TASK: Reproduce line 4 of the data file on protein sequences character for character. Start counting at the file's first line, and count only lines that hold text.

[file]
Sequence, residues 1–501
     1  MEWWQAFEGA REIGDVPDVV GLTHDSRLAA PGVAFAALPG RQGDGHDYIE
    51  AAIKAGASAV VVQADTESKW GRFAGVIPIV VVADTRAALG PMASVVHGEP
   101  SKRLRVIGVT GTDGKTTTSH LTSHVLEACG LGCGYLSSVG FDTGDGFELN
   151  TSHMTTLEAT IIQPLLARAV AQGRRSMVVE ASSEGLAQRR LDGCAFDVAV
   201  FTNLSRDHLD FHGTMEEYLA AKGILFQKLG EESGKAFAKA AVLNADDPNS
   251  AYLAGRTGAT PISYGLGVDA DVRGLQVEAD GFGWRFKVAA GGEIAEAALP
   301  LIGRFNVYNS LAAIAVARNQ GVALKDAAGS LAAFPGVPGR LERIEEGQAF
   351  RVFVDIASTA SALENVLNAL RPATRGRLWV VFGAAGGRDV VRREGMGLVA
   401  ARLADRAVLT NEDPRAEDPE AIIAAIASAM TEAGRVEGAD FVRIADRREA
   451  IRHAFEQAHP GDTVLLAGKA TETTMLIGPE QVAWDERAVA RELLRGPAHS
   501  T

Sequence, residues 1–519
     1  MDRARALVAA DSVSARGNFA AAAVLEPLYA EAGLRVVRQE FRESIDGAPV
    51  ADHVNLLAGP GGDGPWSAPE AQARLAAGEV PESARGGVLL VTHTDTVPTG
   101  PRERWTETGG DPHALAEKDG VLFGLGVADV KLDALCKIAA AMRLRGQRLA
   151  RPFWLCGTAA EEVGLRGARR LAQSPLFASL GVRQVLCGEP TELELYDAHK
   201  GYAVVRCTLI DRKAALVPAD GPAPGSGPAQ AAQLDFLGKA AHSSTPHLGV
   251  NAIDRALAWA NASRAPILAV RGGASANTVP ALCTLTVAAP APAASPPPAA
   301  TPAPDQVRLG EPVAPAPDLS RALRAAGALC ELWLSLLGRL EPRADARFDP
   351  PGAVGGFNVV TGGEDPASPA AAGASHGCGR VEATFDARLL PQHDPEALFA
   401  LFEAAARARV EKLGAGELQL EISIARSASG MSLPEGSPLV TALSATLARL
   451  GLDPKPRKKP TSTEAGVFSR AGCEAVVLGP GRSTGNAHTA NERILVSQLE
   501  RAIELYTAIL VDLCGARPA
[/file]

   101  SKRLRVIGVT GTDGKTTTSH LTSHVLEACG LGCGYLSSVG FDTGDGFELN